Anyway, that’s your food for thought for today.



dday1944 #2 Posted Oct 28 2017 - 19:20

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the more you know

 



TheBlueBaron #3 Posted Oct 28 2017 - 20:00

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I think it was the Ram II that made me admire American tanks/tank design. They're made for fighting. Perhaps like American Tank destroyers were meant to fight, although the Ram II seems designed for very close combat. 

 

I don't think the open cabin for 'greater visibility' should be underestimated. I remember reading that, when they designed the Abrams M-1, the ability to find/track targets was placed as a much higher priority than any other aspect of the gun. If you look at the front of one, the M-1 just has a huge gun sight. I'm not sure how it works, but the opening of the gun-sight/periscope is huge. It's not going to be easy sneaking up on an M-1. 


Edited by TheBlueBaron, Oct 28 2017 - 20:05.


HOTA_CHATON #4 Posted Oct 28 2017 - 21:15

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View PostTheBlueBaron, on Oct 28 2017 - 13:00, said:

I think it was the Ram II that made me admire American tanks/tank design. They're made for fighting. Perhaps like American Tank destroyers were meant to fight, although the Ram II seems designed for very close combat.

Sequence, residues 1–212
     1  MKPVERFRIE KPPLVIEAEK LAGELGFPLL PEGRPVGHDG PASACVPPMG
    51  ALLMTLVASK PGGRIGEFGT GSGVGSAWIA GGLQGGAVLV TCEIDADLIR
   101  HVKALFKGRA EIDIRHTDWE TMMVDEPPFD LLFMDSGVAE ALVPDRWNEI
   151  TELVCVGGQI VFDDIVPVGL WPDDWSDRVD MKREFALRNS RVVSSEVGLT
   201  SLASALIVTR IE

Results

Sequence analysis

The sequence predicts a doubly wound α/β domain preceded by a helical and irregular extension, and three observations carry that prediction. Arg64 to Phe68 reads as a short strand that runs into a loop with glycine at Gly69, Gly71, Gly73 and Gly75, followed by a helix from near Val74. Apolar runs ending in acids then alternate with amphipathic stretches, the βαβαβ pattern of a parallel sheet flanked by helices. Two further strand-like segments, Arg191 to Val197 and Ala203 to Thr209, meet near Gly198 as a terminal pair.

I don't think the open cabin for 'greater visibility' should be underestimated. I remember reading that, when they designed the Abrams M-1, the ability to find/track targets was placed as a much higher priority than any other aspect of the gun. If you look at the front of one, the M-1 just has a huge gun sight. I'm not sure how it works, but the opening of the gun-sight/periscope is huge. It's not going to be easy sneaking up on an M-1. 

 

Nor should it be easy to sneak up on an Abrams.  It is still the most or one of the most lethal and survivable tanks ever made to date.

Scumbagarty2 #5 Posted Oct 29 2017 - 00:32

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Mojet beet, nam nooshna russki yazook eezuchiyat... then we might better understand how quickly the Russkis adapted in all branches of the military despite catastrophic losses am Anfang des Zweiten Welt Krieges.

Bones__ #6 Posted Oct 29 2017 - 11:35

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Good read

bjorn1984 #7 Posted Oct 29 2017 - 14:34